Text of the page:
Smelling human sex hormone-like compounds affects face gender judgment of men

Gyula Kova, Balazs Gulya, Ivanka Savic,David I. Perrett,R. Elisabeth Cornwell,
Anthony C. Little, Ben C. Jones, D. Michael Burt, Viktor Gal and Zoltan Vidnyanszky

Processing in a given sensory modality is affected by the
information that is processed simultaneously in other
modalities. Cues from different senses interact and are
integrated by the brain to evoke the most efficient and
appropriate behavioral responses. Intensive research has
recently provided evidence that cross-sensory interactions
between vision, audition and somatosensation occur at the
early stages of sensory processing both in macaques [1] and
in humans [2]. We know little, however, about how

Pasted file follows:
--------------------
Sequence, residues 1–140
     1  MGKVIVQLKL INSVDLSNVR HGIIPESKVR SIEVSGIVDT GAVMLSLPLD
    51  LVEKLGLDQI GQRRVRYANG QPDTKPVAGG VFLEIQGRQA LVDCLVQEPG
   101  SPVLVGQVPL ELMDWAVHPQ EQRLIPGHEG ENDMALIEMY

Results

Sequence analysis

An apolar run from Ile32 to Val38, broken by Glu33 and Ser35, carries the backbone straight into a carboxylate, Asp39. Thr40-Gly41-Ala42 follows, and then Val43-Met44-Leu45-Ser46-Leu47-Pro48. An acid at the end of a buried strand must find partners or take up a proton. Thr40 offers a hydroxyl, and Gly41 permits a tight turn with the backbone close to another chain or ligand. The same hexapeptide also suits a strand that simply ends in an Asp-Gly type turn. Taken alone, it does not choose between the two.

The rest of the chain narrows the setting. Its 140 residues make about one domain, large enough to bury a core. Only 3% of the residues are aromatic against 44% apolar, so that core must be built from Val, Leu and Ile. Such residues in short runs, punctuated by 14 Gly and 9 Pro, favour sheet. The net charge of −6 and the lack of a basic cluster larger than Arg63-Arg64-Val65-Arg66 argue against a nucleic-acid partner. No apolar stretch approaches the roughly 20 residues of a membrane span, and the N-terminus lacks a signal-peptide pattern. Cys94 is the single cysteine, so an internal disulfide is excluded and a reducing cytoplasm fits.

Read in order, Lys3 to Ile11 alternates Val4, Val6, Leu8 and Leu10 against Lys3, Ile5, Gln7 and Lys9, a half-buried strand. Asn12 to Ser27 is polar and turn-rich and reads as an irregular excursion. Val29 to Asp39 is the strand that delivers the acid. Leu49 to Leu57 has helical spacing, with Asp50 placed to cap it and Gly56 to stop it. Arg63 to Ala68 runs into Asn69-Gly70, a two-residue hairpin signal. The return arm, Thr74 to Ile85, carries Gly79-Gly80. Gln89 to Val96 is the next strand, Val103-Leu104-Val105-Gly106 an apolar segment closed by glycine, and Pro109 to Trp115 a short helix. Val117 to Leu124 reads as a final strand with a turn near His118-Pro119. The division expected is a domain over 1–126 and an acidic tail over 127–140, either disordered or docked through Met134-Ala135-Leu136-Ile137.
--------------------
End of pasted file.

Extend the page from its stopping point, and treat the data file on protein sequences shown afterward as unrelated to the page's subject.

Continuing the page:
chemosensory information may affect sensory processing
in other modalities. Although it has been shown that odors
modulate the efficiency of learning and recall of sensory
information provided by other modalities [3], evidence
regarding the cross-sensory effects of odors on the sensory
processing itself are lacking.

In the present study we investigated the effect of passive
inhalation of sex hormone-like steroids 5-a-androgenst-16-
en-3-one (androgen) and oestra-1, 3, 5 (10), 16-tetraen-3-ol
(estrogen) on the visual face gender discrimination in men.
There are two major reasons behind our choice of the
specific chemosensory and visual stimuli. First, in a
previous study by two of the present authors [4] it was
found that smelling sex hormone-like compounds activates
of the fusiform gyrus, a brain region that was shown to be
involved in the processing of visual faces [for reviews see 5–
7]. Second, our goal was to choose sensory modalities which
may naturally be associated during ontogenesis.We selected
female and male human faces and gender-specific odorous
substances, based on the assumption that there is a prolonged and pronounced association between the
gender-specific cues of different sensory modalities.